Article contributed by Najwa Hamid, Officer, Bar Council Syariah Law Committee; and photos by Muhammad Bazli Naim b Abdul Azid, Administrative Assistant, Bar Council
On 20 Apr 2019, the Bar Council Syariah Law Committee (“SLC”) organised a seminar entitled “Perancangan dan Tuntutan Harta Sepencarian, Hibah dan Wasiat” at the Kuala Lumpur Bar Auditorium.
The speakers for the seminar were Amir Bahari and Haji Mukhtar b Abdullah, members of SLC. The seminar commenced with Kuthubul Zaman Bukhari, then–Chairperson of SLC delivering his opening remarks.
Amir Bahari began his presentation by discussing the laws relating to Islamic estate planning, which included:
(1) Muslim Wills (Selangor) Enactment 1999;
(2) Probate and Administration Act 1959;
(3) Small Estates (Distribution) Act 1955;
(4) Public Trust Corporation Act 1995;
(5) Rules of Court 2012;
(6) Administration of Islamic Law (Federal Territories) Act 1993; and
(7) Administration of the Religion of Islam (State of Selangor) Enactment 2003.
He also spoke about the following cases relating to Islamic wills:
(1) Mat Hassan bin Daud v Limah bt Saman & Ors  4 SHLR 112;
(2) Wan Puziah bt Wan Awang v Wan Abdullah bin Muda & Anor  4 SHLR 15;
(3) Sarwari a/p Ainuddin v Abdul Aziz a/l Ainuddin (No 2)  1 SHLR 68;
(4) Re Halimah bt Daud (a case in respect of an application for a faraid certificate to determine the beneficiaries and their entitlement)  2 SHLR 63;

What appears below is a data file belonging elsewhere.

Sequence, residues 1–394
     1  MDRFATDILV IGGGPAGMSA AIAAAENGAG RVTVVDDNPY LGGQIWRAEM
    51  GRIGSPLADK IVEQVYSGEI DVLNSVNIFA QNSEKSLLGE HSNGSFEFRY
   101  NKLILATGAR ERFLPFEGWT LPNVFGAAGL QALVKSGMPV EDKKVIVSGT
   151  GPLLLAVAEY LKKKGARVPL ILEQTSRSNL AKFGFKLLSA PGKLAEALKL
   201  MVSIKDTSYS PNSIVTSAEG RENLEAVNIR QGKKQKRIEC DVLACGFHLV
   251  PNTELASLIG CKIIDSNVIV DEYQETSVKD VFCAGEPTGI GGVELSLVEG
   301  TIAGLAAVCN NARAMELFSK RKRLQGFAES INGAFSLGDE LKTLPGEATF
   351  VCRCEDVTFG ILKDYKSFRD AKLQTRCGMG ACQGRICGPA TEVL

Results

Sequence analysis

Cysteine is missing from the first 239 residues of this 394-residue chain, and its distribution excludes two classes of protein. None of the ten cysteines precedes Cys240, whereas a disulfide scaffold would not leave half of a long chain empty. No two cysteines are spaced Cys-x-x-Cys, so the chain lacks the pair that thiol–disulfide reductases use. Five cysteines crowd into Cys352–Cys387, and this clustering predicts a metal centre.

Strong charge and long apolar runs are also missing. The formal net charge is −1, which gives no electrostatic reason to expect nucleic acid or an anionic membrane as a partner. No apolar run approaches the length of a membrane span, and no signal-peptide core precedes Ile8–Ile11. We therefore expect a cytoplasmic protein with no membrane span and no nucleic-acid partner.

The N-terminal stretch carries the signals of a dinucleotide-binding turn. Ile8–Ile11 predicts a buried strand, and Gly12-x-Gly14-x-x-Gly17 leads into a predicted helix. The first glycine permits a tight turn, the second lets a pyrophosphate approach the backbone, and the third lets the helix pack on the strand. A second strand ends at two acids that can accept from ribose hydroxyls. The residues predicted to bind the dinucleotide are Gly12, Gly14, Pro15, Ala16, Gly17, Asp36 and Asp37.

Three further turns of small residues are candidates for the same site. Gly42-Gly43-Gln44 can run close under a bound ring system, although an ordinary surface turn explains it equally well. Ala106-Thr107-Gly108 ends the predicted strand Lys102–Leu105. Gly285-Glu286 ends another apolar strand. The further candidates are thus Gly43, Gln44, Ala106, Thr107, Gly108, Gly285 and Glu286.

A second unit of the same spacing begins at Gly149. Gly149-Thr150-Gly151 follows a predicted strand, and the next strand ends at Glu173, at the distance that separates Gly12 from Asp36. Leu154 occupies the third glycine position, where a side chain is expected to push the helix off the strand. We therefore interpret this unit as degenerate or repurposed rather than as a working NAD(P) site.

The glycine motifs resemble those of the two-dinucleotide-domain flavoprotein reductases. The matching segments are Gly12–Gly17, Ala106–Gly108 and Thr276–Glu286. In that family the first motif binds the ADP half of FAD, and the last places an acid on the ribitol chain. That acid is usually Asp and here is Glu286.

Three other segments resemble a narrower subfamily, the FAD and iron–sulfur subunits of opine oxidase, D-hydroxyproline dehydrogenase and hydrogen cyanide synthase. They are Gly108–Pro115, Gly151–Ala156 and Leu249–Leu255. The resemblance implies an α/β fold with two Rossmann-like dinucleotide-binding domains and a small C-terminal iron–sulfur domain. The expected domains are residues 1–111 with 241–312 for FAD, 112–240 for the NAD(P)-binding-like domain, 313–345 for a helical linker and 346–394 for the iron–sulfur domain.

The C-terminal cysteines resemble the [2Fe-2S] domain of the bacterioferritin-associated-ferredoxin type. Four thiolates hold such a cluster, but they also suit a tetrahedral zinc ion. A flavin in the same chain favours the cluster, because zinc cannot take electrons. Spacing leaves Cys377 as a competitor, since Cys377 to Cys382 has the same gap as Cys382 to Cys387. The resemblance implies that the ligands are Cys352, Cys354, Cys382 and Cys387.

(5) Re Mohd Zaki bin Ngah (a case in respect of an application for a faraid certificate to determine the beneficiaries and their entitlement)  2 SHLR 104;
(6) Re Ismail bin Majid  3 SHLR 69;
(7) Sofiah Moo @ Moo Nyok Yin v Syed Gamal bin Syed Kechik al–Bukhary & Ors  1 SHLR 9; and
(8) Ainun bt Arifin v Maria bt Arifin & Ors  3 SHLR 22.
Amir Bahari elaborated on the issues relating to Islamic estate planning that could arise, including unexpected death; cases involving minors, polygamy and adoption; and also feuds and disputes among a testator’s heirs.
The second speaker, Haji Mukhtar b Abdullah addressed the importance of Islamic estate planning, such as:
(1) To ensure the loved ones benefit from the distribution;
(2) To minimise the chances of family disputes; and
(3) To ensure the planning is done in accordance with Syariah law.
He referred to Yong Nyee Fan & Sons Sdn Bhd v. Kim Guan & Co Sdn Bhd (1979) 1 MLJ 182, which provides the definition of “amanah” (trust) as “the relationship which arises wherever a person called the trustee is compelled in equity to hold property, real or personal, and whether by legal or equitable title, for the benefit of some reasons (of whom he may be one) or for some object permitted by law, in such a way that the real benefit of the property accrues, not to the trustee, but to the beneficiaries or other objects of the trust”.
The seminar, which carried three Continuing Professional Development (“CPD”) points, was well–attended, with a total of 70 participants consisting of Members of the Bar, pupils in chambers, and members of public.